Oman sees deficit shrinking with 2022 budget

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Oman said on Sunday it expects its budget deficit to reach 5 percent of gross domestic product (GDP) in 2022, well within the limits of a medium-term fiscal plan launched by the Gulf state last year to fix its heavily-indebted finances.

A relatively small crude producer, Oman is more sensitive than its hydrocarbon-rich Gulf neighbors to oil price swings, meaning it was hit especially hard by the price crash in 2020 amid the COVID-19 pandemic and worldwide economic lockdowns.

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But higher oil prices this year, along with fiscal reforms, are expected to narrow state deficits and slow a rise in debt levels over the next few years.

Oman plans total spending of 12.1 billion rials ($31.43 billion) next year, state news agency ONA said on Sunday.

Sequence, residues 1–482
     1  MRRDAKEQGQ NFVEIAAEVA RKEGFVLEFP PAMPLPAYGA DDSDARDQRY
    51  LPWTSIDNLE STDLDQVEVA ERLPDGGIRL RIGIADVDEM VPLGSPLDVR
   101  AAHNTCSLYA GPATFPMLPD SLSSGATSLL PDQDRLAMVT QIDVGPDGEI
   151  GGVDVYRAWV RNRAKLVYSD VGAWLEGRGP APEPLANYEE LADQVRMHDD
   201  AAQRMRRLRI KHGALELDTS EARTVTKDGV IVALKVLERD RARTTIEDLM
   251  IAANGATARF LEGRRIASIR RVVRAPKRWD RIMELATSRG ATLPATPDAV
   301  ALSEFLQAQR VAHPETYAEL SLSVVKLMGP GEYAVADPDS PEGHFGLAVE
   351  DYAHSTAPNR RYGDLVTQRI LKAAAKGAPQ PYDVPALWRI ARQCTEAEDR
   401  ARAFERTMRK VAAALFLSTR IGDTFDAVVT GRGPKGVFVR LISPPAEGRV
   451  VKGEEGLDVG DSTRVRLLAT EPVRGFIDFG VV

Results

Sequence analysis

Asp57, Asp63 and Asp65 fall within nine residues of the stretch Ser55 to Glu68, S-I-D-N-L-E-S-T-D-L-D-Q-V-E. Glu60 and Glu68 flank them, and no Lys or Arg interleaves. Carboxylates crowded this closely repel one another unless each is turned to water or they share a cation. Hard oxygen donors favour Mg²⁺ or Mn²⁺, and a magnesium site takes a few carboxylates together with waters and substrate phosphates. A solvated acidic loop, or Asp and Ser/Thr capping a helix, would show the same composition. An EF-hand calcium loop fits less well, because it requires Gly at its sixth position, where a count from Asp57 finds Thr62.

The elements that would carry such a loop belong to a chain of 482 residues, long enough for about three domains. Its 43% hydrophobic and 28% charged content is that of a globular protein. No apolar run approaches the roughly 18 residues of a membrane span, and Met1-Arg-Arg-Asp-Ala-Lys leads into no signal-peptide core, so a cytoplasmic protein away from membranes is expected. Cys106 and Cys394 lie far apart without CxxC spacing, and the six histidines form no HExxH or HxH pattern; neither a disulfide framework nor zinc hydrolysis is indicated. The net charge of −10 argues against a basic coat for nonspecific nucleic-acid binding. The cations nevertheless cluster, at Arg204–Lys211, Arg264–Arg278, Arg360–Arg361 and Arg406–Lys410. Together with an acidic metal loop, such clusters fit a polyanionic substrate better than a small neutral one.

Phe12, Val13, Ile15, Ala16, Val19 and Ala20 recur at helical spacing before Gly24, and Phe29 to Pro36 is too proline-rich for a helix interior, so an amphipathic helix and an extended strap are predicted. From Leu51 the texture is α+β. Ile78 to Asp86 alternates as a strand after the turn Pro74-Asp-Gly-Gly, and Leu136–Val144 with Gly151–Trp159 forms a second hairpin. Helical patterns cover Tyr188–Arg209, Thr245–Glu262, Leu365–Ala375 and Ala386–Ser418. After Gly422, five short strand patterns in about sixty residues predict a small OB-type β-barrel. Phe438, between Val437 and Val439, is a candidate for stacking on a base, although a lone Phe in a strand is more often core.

The sultanate based its budget for next year on an oil price of $50 per barrel, ONA said, citing Finance Minister Sultan al-Habsi.

Next year, oil is expected to account for 68 percent of total state revenues, the agency said.

In a medium-term fiscal plan launched last year, Oman was targeting to reduce its budget deficit from an estimated 11.5 percent of GDP this year to 8.8 percent of GDP next year.

The state news agency said Oman expects public debt to reach 75 percent of GDP next year, which would be below previous estimates of an 86 percent debt-to-GDP ratio to be achieved thanks to fiscal reforms that included the introduction of a value-added tax.

Central government debt last year increased to 81.2 percent of GDP, the International Monetary Fund has previously said, adding it expected total debt to decline sharply to 47 percent of GDP by 2026.

Oman has said this year it is working with the IMF to develop a debt strategy.

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